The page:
Review Summary: "You're eyes are red and mine are too, I feel like laughing."0 of 2 thought this review was well written
Dreams are a very strange thing. A succession of images, ideas, emotions, sensations and even reenactments of past experiences that occur involuntarily in the mind during REM sleep. REM sleep being a stage when brain activity is high and resembles that of being awake. Dreams often seem so vivid, so real, and we're often so certain that we're in the conscious world. Sometimes there are tells, or signs, that what we are seeing is an illusion, a dream, but somehow we don't catch it right way. It's when we wake up that we remember those things that were a bit off and wonder how we didn't realize it then.
I'm not exactly sure what kind of fantasy it is that is being experienced in the theme of Phosphene Dream
. It could either be talking about a nightmare, or most likely, a drug-induced fantasy. A psychedelic experience caused by hallucinogenic drugs, like LSD, is a lot like being in a dream, they both create illusions of the mind. Our conscious minds become seduced by a fantasy world, and at times we believe it to be real. In the real world we are confined to the laws of reality, but while we dream, or hallucinate, our imagination can run free. And the experiences they can induce could be a pleasant, or an ominous one.
The music of Phosphene Dream differs from it's predecessors. The Black Angels' previous albums, Passover
and Directions To See A Ghost
, displayed a much more Rock-oriented sound. They were more like a Blues band that occasionally experimented with psychedelic effects. But in Phosphene Dream, it's the very opposite. The band embraces it's psychedelic tendencies much more seriously, using ambient effects to create a haunting atmosphere throughout the album. The album begins with "Bad Vibrations"
, already we know that this fantasy world we are entering won't be a pleasant one. There is an ominous chill that "Bad Vibrations"
induces, all caused by a multitude of effects that are the main drive of it's dark sound. "Yellow Elevator #2"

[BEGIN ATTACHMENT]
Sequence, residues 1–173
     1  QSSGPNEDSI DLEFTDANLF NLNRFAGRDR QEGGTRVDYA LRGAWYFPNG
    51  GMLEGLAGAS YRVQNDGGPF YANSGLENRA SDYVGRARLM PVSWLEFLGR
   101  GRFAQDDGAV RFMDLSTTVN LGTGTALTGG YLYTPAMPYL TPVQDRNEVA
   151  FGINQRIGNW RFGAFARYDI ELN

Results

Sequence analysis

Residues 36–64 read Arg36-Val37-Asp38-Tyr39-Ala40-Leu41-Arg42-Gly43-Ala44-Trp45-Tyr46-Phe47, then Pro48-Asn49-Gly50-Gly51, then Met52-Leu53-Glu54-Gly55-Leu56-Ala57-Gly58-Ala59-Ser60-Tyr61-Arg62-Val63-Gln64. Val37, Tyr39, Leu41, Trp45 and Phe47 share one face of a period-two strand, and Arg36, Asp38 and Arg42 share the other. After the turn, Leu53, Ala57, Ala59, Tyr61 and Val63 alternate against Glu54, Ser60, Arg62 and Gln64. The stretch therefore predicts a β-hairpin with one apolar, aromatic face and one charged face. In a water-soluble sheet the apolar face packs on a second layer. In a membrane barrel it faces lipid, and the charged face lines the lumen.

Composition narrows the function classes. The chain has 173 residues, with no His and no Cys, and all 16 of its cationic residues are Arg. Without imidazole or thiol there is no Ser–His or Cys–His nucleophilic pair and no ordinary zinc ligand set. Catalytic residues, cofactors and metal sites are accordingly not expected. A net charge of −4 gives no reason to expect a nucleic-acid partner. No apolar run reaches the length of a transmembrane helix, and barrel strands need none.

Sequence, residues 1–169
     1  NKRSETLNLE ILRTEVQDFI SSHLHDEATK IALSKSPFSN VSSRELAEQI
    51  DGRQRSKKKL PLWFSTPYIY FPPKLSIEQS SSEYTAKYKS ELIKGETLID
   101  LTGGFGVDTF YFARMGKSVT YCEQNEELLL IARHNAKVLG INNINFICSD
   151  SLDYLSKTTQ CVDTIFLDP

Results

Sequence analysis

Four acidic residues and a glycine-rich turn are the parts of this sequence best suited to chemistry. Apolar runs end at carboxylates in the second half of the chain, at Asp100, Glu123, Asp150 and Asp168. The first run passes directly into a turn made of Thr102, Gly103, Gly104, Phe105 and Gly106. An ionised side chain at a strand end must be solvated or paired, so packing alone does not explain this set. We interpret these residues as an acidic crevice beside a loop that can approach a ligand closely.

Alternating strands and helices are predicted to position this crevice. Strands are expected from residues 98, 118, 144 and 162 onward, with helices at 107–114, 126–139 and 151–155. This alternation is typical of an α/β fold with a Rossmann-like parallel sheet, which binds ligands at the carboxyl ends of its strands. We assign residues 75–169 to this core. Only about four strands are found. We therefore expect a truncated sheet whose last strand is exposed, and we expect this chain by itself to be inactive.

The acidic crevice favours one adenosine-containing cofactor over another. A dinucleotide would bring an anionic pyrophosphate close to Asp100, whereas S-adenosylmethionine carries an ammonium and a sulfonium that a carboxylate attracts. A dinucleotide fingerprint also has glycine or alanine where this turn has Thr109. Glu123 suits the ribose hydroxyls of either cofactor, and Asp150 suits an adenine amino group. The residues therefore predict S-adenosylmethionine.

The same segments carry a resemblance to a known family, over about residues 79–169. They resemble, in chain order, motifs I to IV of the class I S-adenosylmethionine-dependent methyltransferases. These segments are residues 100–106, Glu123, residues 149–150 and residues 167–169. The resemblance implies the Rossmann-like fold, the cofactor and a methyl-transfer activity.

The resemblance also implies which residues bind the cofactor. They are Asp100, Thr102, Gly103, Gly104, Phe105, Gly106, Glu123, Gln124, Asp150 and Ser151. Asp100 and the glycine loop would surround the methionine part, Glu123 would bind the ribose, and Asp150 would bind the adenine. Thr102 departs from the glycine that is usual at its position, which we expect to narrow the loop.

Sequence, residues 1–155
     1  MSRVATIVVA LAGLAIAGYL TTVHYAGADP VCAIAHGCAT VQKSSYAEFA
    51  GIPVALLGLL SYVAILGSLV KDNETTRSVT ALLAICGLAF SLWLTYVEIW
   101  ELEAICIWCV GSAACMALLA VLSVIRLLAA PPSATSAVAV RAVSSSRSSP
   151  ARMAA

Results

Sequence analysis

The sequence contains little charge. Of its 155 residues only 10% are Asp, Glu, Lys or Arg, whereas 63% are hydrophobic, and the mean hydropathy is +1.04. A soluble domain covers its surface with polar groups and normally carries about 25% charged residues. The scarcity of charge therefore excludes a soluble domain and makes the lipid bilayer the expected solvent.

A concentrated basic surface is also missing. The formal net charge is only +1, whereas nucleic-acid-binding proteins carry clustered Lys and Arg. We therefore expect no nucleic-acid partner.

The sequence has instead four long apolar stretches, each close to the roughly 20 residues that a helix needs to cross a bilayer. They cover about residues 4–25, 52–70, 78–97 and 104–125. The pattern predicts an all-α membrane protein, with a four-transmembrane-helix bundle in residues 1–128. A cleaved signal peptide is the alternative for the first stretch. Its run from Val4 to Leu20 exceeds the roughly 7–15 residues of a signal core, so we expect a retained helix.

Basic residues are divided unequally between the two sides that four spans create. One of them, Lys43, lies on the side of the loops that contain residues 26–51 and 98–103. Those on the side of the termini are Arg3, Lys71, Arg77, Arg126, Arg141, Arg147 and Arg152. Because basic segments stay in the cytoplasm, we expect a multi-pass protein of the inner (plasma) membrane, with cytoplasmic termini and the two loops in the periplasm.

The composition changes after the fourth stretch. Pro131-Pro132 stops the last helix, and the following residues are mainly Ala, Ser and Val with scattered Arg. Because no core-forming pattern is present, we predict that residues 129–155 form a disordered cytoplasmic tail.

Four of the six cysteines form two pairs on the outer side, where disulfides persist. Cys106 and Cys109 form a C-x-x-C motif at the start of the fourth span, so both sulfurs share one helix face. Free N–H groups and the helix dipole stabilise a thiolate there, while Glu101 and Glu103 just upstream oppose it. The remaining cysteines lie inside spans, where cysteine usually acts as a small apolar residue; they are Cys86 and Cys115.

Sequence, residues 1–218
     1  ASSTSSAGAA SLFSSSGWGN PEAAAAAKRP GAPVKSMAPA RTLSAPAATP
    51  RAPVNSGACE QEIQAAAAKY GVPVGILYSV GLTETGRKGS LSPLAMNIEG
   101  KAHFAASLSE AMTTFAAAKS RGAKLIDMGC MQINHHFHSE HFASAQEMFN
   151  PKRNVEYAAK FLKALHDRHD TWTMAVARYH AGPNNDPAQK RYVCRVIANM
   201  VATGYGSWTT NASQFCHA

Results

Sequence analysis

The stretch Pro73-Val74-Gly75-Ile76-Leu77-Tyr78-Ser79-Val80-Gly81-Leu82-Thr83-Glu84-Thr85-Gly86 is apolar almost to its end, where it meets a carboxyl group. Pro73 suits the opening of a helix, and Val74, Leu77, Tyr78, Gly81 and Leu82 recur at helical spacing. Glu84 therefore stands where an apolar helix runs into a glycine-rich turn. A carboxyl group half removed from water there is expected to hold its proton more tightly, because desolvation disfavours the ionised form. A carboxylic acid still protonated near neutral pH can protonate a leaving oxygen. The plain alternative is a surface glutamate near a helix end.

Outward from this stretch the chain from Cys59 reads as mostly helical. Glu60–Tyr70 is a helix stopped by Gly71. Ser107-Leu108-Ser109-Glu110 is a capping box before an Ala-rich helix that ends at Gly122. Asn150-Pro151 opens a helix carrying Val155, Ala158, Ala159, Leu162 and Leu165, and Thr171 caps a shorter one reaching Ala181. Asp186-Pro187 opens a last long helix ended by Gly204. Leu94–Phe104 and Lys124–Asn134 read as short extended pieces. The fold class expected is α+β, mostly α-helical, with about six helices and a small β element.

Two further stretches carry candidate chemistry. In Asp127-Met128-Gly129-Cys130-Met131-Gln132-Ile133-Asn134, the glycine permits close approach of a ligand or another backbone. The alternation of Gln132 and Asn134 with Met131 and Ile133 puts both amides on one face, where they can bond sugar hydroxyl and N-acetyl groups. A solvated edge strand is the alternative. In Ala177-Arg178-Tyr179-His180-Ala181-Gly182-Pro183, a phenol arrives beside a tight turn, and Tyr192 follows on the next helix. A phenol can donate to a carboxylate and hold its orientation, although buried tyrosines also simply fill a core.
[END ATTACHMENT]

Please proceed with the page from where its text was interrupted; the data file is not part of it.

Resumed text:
, "Sunday Afternoon"
, and the eponymous track, "Phosphene Dream"
, share the same arrangements were the psychedelic effects overrun the songs, creating a trippy atmosphere that could rival any song by The Mars Volta.
One thing that has been blatantly obvious about The Black Angels' music has been their influence, no, obsession with 60's Acid Rock. After all, the band even takes it's name from, "The Black Angel's Death Song"
, a track by The Velvet Underground. Their love for the 60's can be found throughout their whole discography. "River Of Blood"
contains an organ melody that comes directly from The Doors, it's also decorated with dark imagery from it's lyrics that could have been written by Jim Morrison himself. The filler, "Telephone"
shows a surprisingly more upbeat attitude, a song about a girl who doesn't seem to give our narrator the time of day. It's music contains Surf Rock guitar arrangements that could be seen as a more modern touch of The Beach Boys' style. "Telephone"
, along with it's ill-fitting nature, is weak point for the album and it isn't just that the song doesn't match the album's dark theme but it has such an uninspired orchestration.
The album also contains some of the band's older tendencies, like the sludgy Blues-rock sound that is found in their music is reflected in songs like "Haunting At 1300 McKinley"
and "The Sniper"
. While the desert ballad, "True Believers"
, creates a perfect synergy of all of the band's influences. At the end of the experience of Phosphene Dream, we find that it takes us to familiar territories, and in a way, dissolves some of the excitement. It's a return to the desert scenery that was introduced in their past albums, though I suppose the only difference is that Phosphene Dream shows us what it looks like at night. The album's stronger emphasis on psychedelic effects make for an interesting listen on some of the tracks, but even yet, they all share a similar aesthetic feel that is more reminiscent of past ventures than something new. Still, this is an album with some strange moments that will be sure to satisfy anyone searching for a trippy experience.